Watch a video of his remarks here: https://www.youtube.com/watch?v=ATOWFq-n0Ig
— Wisconsin set a new record for total apprenticeship numbers last year with 15,937 participants, state officials announced.
A release from Gov. Tony Evers’ office attributes that record-high total to “strong growth” in traditional sectors such as construction and manufacturing, as well as other growing fields like health care and information technology.
The previous record of 15,757 registered apprentices was set in 2001, the release shows.
The Department of Workforce Development and employer partners last year added seven new registered apprenticeship pathways: diesel technician, supply chain specialist, yacht service technician, lab animal care technician, medical lab technician, caregiver and human resources specialist. The agency plans to add six new pathways this year across health care, transportation and service industries, according to the release.
DWD Secretary Amy Pechacek says the state now offers at least 183 registered apprenticeship pathways and 75 youth apprenticeship options.
“These record-breaking numbers exemplify the program’s success in connecting employers to skilled workers and job seekers to family-sustaining careers,” she said in yesterday’s release.
— Banks in the state were in a strong financial position to end last year, according to the Wisconsin Bankers Association.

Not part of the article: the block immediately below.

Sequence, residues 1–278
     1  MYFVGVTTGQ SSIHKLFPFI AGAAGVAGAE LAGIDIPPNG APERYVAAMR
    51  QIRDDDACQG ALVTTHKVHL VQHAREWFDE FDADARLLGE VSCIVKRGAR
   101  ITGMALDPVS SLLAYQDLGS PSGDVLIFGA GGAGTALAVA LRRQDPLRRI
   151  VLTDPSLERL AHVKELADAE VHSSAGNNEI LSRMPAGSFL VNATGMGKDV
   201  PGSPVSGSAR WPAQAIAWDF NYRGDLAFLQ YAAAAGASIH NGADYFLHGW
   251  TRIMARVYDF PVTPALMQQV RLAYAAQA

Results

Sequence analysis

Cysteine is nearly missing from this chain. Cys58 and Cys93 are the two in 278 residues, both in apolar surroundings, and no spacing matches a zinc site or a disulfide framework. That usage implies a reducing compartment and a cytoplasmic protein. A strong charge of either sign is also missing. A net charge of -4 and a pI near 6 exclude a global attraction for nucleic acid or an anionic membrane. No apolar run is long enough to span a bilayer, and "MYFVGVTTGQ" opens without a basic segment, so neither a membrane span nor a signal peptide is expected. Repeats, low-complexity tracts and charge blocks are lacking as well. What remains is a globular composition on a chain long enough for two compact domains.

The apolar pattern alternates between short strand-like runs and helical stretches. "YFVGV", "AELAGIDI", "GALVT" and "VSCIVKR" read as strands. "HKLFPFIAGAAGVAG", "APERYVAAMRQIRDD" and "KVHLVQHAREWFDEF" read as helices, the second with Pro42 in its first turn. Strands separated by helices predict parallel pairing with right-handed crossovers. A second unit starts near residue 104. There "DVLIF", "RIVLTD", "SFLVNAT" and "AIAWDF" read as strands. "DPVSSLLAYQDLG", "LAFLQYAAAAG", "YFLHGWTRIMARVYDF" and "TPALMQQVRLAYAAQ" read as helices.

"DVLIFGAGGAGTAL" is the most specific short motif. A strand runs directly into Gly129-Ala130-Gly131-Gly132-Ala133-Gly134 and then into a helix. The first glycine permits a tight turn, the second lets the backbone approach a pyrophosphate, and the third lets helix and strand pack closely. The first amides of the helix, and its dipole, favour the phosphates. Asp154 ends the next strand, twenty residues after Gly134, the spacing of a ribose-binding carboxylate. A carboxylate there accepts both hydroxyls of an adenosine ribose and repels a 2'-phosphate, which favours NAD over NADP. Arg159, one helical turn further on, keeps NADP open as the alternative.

In the group’s report on the latest federal banking figures, WBA President and CEO Rose Oswald Poels notes inflation continues to increase expenses for households and companies alike. Still, she said “the overall picture shows that more borrowers are keeping current on their loans and consumers are putting money into savings at their bank.”
Residential loans were 13.71 percent higher over the year, the WBA report shows.
And commercial lending increased 11.09 percent over the year, but began to slow near the end of 2022 as recession concerns kept businesses from borrowing more, WBA notes.
Meanwhile, farm loans fell 20 percent over the quarter, but were 8.12 percent higher over the year, according to the release.
“While farmland values remain strong, sharp interest rate increases have resulted in the softening of some farm loan demand,” WBA said. “An increase in farm income toward the end of 2022 also led to an increase in loan repayments.”
See more: https://www.wisbank.com/fdic-numbers-show-positive-2022-year-end-position-of-wisconsin-banks/
— Gov. Tony Evers has proposed a $3.8 billion capital budget that would finance half of the projects with cash instead of borrowing.